Trend following techniques are the most popular among mechanical traders. While these methods do work, they have a given footprint. Many trend following systems have more losing trades than winners with potentially longer drawdowns. Countertrend systems have a higher winning percentage but a smaller average winning trade size.
Countertrend systems buy weakness and sell strength. Just like trend following systems, they offer a special set of design issues. Normally, for countertrend systems to be successful, they need a winning percentage above 50%, preferably above 60%. This means win/loss ratios are lower than 2-1. Although it is difficult to quantify why, countertrend systems seem more dependent on individual market characteristics and are more often designed for a given market or asset class.
Trader Larry Connors developed a simple countertrend system that he popularized in his book “Short-Term Trading Strategies That Work.” This system is called 7-7 because it buys and sells on a seven-day low or seven-day high.
It also is designed to deal with a flaw of countertrend systems. Because these strategies buy weakness and sell strength, they can be badly positioned in a market crash or “irrational exuberance.” Connors added an average close filter to combat this. The rules are as follows:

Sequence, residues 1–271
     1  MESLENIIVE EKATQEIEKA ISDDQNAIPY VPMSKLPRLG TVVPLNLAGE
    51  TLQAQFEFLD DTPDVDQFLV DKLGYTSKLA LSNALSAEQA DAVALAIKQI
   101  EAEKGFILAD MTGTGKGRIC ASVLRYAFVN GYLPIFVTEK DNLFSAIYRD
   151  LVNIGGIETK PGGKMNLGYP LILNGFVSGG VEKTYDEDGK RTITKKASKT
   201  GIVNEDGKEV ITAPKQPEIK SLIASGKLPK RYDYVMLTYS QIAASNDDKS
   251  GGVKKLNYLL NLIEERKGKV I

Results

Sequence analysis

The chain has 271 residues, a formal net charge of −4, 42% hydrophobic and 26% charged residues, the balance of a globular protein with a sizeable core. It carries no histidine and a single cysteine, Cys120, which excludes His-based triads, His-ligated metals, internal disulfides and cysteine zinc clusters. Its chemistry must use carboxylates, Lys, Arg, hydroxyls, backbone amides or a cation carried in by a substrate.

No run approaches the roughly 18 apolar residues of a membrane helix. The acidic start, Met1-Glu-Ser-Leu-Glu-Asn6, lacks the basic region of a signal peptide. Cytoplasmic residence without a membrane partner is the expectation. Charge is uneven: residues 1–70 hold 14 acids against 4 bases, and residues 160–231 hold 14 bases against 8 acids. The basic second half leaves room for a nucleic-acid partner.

If Close=Lowest(Close,BuyLen,0) And
Close>Average(Close,FilterLen,0) Then Buy(“Buy-7”,1,0,Market,Day)
If MarketPosition=1 and CLose=highest(Close,ExitLen,0) Then
The standard parameters are 200, 7 and 7, but by designing them as inputs we can test other combinations.
Connors designed this system to trade major index exchange-traded funds (ETF), such as SPY, QQQQ, FXI and EWZ. In an effort to understand countertrend systems, we will test this system on a basket of futures markets and explain why it works on some markets but not on others. The results in “Split sevens” (below) are from Oct. 7, 1997, to Aug. 6, 2010. (The original system was long only because it was built for ETFs . We added a short component.) The combined results for both markets are shown in “Seven summary” (below).
Optimizing this system reveals that shorter sets of parameters make more money but could be more sensitive to slippage and commissions. Also, longer sets of parameters don’t make as much money but have larger average trades. For example 200, 10, 10 make $956,904.38 on the long and short side combined with an average trade of $435.15.
The combination 125, 2, 2 makes the most money when we don’t deduct slippage and commissions but the average trade is low. We have a total profit of $1,593,629.06 but only $98.09 a trade on 16,247 trades.
If we take a closer look we will see that some markets did well on long but not short. One example of this is copper. Copper made $52,000 on the long side but lost money on the short side. Some markets like cotton just did not work at all with this system.